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Mars Soil Similar To Volcanic Sand On Hawaii's Mauna Kea, NASA Curiosity Rover Finds

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MARS SOIL
This handout photo provided by NASA/JPL-Caltech/MSSS, taken Oct. 15, 2012, shows part of the small pit or bite created when NASA's Mars rover Curiosity collected its second scoop of Martian soil at a sandy patch called "Rocknest." The bright particle near the center of this image, and similar ones elsewhere in the pit, prompted concern because a small, light-toned shred of debris from the spacecraft had been observed previously nearby. However, the mission's science team assessed the bright part | AP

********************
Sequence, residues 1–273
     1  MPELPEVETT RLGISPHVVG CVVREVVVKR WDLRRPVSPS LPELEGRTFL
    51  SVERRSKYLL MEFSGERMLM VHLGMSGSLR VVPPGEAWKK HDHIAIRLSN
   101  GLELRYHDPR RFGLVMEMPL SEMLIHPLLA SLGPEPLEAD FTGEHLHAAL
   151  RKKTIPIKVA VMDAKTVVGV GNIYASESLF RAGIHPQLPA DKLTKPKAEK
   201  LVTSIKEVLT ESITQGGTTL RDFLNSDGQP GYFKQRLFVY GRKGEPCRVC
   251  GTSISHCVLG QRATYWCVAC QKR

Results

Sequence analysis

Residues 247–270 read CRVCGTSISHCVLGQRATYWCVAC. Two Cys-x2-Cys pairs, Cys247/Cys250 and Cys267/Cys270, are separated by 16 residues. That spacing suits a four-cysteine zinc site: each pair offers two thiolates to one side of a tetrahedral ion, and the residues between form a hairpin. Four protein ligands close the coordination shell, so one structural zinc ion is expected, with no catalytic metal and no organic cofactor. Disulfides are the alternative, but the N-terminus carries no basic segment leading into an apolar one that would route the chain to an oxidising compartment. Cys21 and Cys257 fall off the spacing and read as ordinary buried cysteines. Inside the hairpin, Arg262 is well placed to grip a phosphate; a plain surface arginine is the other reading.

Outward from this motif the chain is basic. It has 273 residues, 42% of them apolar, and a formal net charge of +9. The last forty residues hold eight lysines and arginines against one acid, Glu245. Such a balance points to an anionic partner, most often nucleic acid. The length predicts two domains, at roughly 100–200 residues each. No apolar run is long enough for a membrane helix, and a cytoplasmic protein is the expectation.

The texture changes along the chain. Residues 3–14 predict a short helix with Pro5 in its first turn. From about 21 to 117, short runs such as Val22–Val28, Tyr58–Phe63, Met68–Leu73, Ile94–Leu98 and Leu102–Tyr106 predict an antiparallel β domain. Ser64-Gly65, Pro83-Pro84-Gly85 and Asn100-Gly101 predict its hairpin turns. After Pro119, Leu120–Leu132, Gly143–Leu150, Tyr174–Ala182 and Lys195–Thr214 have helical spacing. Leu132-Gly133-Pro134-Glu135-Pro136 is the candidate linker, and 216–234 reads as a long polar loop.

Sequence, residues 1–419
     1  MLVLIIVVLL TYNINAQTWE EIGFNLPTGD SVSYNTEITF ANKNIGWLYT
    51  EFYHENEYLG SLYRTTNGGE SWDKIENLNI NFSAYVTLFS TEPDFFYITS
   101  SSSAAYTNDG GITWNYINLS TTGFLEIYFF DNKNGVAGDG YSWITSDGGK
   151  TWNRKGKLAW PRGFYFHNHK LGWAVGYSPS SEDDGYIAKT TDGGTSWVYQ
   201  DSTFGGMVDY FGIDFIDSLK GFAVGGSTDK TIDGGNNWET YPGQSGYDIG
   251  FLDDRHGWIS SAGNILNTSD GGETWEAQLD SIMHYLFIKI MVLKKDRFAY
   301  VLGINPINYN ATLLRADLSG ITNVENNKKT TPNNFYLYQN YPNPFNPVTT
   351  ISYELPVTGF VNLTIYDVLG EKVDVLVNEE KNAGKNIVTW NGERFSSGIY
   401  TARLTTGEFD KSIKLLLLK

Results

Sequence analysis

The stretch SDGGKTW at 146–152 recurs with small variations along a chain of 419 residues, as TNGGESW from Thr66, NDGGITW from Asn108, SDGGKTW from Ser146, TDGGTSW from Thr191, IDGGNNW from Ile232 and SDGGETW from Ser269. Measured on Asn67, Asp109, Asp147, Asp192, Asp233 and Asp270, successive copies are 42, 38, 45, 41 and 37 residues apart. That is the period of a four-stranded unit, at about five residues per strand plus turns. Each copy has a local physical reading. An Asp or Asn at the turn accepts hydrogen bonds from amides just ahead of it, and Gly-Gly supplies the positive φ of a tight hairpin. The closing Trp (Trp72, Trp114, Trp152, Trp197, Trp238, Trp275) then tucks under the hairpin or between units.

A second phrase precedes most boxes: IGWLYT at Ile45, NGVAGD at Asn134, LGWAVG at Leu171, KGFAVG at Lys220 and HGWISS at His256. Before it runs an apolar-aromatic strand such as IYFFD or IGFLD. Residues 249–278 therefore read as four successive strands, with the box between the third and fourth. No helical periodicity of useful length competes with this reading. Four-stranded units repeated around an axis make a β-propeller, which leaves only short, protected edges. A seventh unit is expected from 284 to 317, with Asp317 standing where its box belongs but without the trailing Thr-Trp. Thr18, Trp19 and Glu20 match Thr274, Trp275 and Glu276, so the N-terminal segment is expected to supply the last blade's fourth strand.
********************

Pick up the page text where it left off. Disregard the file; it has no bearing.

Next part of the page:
PASADENA, Calif. -- Scientists say the Martian soil at the rover Curiosity's landing site contains minerals similar to what's found on Hawaii's Mauna Kea volcano.

The finding released Tuesday is the latest step in trying to better understand whether the environment could have been hospitable to microbial life.

Curiosity recently ingested its first soil sample and used one of its instruments to tease out the minerals present. An analysis revealed it contained feldspar and olivine, minerals typically associated with volcanic eruptions. Mission scientists say the Martian soil is similar to volcanic soil on the flanks of Mauna Kea.

Curiosity landed near the Martian equator in August on a two-year mission. It'll be another month before it drills into its first rock. Then it's expected to head toward a mountain by year's end.

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